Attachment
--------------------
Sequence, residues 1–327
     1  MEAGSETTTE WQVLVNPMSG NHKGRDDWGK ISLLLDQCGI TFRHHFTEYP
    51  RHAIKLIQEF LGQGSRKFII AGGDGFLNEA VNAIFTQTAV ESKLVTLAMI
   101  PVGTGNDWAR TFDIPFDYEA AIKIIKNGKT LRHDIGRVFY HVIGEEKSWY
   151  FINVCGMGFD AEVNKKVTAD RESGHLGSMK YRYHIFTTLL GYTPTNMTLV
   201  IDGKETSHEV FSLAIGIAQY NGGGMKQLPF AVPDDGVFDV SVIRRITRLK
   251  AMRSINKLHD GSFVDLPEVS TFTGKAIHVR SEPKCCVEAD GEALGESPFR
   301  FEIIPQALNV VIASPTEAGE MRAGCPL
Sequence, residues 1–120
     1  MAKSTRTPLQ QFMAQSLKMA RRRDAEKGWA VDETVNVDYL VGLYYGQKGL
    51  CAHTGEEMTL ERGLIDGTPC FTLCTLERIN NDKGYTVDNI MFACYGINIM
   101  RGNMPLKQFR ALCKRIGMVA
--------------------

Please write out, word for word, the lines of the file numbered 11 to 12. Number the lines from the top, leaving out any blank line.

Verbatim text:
    51  CAHTGEEMTL ERGLIDGTPC FTLCTLERIN NDKGYTVDNI MFACYGINIM
   101  RGNMPLKQFR ALCKRIGMVA